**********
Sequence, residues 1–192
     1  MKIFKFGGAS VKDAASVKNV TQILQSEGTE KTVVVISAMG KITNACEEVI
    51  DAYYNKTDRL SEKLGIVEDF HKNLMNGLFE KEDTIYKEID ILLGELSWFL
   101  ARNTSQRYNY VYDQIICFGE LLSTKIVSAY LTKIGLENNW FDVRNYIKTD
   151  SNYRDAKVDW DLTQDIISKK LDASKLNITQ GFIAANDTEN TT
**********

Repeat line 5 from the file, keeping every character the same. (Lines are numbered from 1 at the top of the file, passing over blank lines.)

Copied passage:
   151  SNYRDAKVDW DLTQDIISKK LDASKLNITQ GFIAANDTEN TT